How the Apple Watch is Helping Cancer Patients


The Apple Watch is helping some cancer patients with their treatments.
In a recent article in Fox Business, the site spoke about a new treatment plan for cancer patients in Camden, New Jersey that uses the Apple Watch as a tool. The nine month program was implemented with 30 patients at the MD Anderson Cancer Center with the hope of  capturing every move they make during cancer treatment. 

“The app allows us to stay in touch with our patients while they’re in care at home and in the hospital by measuring their physical condition through the watch and their mental condition through a series of questions that we ask so we can get a more holistic view of their health,” Mark Anthony, CEO of Polaris Health, told FOXBusiness.

So far, the patients seem really interested in the treatment, and are reportedly enjoying using the wearable. Cori McMahon, Director of Behavioral Medicine at MD Anderson told FOX that patients were using the Apple Watch to track both their activity level and their mood, the Apple Watch also allows those patients to  see the effect different treatments have on their body, and how certain treatments might affect their mind and body.

The Apple Watch is particularly useful when it comes to monitoring patient’s moods. McMahon says that since doctors are able to track a patient’s mood, they can tell when a patient is going through a few rough days. If their mood drops for several days in a row, doctors can ask the patient via the Watch if they would like to speak to someone. If they would, they can push a button the Apple Watch and be instantly connected to someone on the medical team.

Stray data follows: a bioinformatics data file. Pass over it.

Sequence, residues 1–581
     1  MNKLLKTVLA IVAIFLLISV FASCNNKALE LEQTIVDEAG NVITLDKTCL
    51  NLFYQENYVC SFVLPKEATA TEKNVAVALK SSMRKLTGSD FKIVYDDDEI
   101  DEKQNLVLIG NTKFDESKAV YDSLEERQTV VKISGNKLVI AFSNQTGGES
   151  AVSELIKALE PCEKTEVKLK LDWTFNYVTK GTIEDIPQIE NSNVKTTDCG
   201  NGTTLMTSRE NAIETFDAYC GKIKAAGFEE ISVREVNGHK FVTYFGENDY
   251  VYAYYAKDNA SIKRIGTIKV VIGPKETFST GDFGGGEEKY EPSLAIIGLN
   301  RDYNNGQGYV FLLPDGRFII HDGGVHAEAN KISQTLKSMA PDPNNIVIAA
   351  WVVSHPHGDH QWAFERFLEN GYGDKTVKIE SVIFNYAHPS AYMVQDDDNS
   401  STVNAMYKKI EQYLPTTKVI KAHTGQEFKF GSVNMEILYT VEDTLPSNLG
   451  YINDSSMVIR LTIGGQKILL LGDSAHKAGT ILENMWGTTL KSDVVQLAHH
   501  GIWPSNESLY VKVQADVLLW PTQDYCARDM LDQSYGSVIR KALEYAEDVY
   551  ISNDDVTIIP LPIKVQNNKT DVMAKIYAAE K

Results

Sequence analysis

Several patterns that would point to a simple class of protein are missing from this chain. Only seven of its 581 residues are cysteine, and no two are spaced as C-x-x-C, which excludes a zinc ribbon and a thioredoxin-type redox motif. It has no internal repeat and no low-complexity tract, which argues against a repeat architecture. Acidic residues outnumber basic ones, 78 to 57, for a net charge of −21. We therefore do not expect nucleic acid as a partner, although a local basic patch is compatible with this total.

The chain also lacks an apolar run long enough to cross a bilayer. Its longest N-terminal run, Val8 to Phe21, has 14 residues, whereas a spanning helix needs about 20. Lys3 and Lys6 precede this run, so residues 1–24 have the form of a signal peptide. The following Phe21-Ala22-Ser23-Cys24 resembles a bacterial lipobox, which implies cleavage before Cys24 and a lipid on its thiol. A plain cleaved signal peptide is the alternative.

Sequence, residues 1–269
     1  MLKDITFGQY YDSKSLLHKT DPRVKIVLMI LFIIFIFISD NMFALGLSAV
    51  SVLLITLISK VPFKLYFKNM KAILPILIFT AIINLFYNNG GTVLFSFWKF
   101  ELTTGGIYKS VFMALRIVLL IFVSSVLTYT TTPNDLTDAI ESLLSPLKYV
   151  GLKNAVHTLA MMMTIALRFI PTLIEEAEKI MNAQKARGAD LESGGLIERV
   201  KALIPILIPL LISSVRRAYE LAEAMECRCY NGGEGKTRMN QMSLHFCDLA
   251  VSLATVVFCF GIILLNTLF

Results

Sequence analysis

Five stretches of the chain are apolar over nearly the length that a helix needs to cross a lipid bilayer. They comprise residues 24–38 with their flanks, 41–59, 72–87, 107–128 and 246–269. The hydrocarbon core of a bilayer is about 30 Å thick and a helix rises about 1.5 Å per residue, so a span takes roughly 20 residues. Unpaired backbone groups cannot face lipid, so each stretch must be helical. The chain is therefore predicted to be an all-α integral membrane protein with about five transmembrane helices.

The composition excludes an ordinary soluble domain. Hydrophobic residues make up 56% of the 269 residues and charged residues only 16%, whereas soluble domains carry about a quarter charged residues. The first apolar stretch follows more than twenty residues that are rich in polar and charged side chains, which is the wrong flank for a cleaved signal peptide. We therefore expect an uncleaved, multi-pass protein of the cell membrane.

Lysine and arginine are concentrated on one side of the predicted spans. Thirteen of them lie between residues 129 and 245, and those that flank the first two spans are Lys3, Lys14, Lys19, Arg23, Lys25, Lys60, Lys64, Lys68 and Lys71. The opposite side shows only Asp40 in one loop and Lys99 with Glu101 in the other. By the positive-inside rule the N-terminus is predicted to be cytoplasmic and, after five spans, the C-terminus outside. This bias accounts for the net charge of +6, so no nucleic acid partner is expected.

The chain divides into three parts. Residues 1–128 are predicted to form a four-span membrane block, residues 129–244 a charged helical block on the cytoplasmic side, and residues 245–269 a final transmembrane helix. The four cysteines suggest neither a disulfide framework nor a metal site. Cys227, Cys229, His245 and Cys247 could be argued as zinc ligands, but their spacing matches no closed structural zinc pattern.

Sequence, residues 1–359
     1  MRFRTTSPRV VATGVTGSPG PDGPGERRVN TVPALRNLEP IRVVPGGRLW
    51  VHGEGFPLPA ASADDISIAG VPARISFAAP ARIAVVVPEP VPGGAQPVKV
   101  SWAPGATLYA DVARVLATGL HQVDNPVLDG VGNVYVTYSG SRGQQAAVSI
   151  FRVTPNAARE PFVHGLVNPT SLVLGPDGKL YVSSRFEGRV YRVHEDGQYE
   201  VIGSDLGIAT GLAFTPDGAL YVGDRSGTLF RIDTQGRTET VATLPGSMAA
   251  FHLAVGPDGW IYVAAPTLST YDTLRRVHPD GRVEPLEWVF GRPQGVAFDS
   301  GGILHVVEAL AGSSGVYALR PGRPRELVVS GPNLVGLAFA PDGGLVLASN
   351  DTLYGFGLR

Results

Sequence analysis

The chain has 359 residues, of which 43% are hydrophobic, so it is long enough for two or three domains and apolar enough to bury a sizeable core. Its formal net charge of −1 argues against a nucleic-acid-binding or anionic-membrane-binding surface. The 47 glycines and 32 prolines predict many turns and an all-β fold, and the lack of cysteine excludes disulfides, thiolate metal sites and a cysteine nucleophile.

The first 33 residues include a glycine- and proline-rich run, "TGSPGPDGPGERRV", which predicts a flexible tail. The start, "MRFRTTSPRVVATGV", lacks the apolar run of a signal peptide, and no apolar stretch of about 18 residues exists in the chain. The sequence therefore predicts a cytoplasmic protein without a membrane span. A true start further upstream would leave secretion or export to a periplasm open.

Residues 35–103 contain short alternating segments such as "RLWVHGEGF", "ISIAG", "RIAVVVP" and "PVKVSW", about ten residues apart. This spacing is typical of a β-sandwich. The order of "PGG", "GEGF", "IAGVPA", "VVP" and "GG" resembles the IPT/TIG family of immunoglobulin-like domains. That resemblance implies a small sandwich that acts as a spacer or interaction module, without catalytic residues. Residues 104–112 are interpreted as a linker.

It’s super-fast and responsive medical care that previously wasn’t available. Previously doctors might have not even been aware a patient was going through a rough time, and would have had to count on that patient to not only recognize the issue, but reach out on their own for help.

That’s something many patients simply wouldn’t do.

There’s also an app that patients can use to connect with each other.  Within the app’s forum-like structure, patients can talk to others going through similar treatments about the disease, the treatment process, and obstacles they’ve encountered along the way.

Patients can then offer support to each other. That means that even if a patient can’t get out of bed, they have the opportunity to connect with others and get the support that they need. 

The Apple Watch is already being implemented in a number of medical situations.
Another app called Epi Watch, for example, offers a way for epilepsy patients to track how the disease effects them in the hopes of potentially improving their treatments and allowing doctors to gain a better understanding of the disease.

The study, which is being conducted by the Johns Hopkins University School of Medicine,  has patients take daily surveys and make journal entires about their disease, and tries to get them to document when they have seizures and what happens to their body prior to one come on. Thanks to the Apple Watch’s  heart rate monitor, accelerometer, and gyroscope, researchers will be able to track changes in heart rate as well as body movement in patients, ultimately gaining a better understanding of the disease.

For right now, the app is simply collecting data rather than predicting when a seizure might take place. In the future, however, researchers hope to be able to take that data and turn it into a way for doctors to be able to predict when a seizure might come in the future.

"We foresee the app giving some parents the confidence to allow their children to play on their own," Krauss says. "For some adults, using it might allow them, for the first time, to live safely alone.”

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Tech Magazine: How the Apple Watch is Helping Cancer Patients
How the Apple Watch is Helping Cancer Patients
Tech Magazine
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